On October 7th, from 16:00-17:15, our keynote speaker will be Prof. Dr. Shingo Kajimura of the University of California, San Francisco in the USA. He will be joined by Dr. Borja Martínez Téllez of the Leiden University Medical Center.
Prof. Dr. Shingo Kajimura (University of California, San Francisco)
” Bioenergetics Matters to Metabolic Health – From a View of Brown Fat”
Dr. Kajimura received undergraduate degree in biology and biochemistry (2000), master’s degree (2003), and Ph.D. (2006) from the University of Tokyo, and completed postdoctoral training in molecular metabolism with Bruce Spiegelman at the Dana-Farber Cancer Institute and Harvard Medical School. He became an Assistant Professor at the University of California, San Francisco (UCSF) Diabetes Center in 2011 and has risen to the rank of full Professor in 2019. In 2020, Dr. Kajimura joined the Division of Endocrinology, Diabetes, and Metabolism at Beth Israel Deaconess Medical Center.
The main focus of the Kajimura Lab is to is multidisciplinary attempts to understand the molecular basis of metabolic adaptation in health and disease, and to generate a blueprint for rewiring the molecular circuitry of metabolic adaptation by defined factors, thereby restoring metabolic health. The Kajimura lab made seminal discoveries in the pioneering studies on brown/beige adipocyte development and function. He has received several distinguished awards, including the Presidential Early Career Award for Scientists and Engineers (PECASE) from the White House USA, Highly Cited Researcher by the Web of Science, and was named a Pew Scholar and a Mallinckrodt Scholar.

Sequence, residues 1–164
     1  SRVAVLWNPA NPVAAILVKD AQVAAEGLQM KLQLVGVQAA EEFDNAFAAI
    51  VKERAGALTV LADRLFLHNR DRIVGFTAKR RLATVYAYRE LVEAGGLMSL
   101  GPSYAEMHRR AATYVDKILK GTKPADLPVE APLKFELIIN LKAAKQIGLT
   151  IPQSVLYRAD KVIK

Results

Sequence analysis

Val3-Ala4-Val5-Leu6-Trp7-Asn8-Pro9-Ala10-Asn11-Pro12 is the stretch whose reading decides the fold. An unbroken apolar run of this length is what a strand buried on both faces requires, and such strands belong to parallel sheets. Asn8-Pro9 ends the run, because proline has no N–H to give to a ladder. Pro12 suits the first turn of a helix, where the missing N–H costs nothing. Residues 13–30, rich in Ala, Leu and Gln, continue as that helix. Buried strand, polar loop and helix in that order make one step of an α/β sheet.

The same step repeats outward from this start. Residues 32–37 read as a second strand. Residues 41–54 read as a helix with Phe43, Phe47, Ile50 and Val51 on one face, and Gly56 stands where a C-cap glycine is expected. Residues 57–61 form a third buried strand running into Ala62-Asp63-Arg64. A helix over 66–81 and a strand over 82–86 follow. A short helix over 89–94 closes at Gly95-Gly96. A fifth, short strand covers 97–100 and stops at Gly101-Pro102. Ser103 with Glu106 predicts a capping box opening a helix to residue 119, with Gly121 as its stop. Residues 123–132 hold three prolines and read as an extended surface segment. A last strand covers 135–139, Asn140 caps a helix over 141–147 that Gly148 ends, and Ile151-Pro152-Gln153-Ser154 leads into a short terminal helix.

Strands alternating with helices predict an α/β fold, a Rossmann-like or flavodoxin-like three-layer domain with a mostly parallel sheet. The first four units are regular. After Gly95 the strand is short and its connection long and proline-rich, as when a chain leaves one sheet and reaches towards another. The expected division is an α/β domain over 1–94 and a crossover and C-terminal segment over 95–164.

Dr. Borja Martínez Téllez (Leiden University Medical Center)
“A 24-week exercise intervention does not modify BAT volume and 18F-FDG uptake in young sedentary adults: The ACTIBATE-RCT.”
Exercise is an excellent therapeutic intervention for obesity, type 2 diabetes, cardiovascular disease, certain types of cancer and many other ailments. The mechanisms that may mediate these effects are not fully understood for some of these pathologies. Based on that, my main research is focused on unraveling the effect of exercise on brown adipose tissue activation, gut microbiota alteration, and lipid signaling that could explain the beneficial cardiometabolic effects of exercise in humans.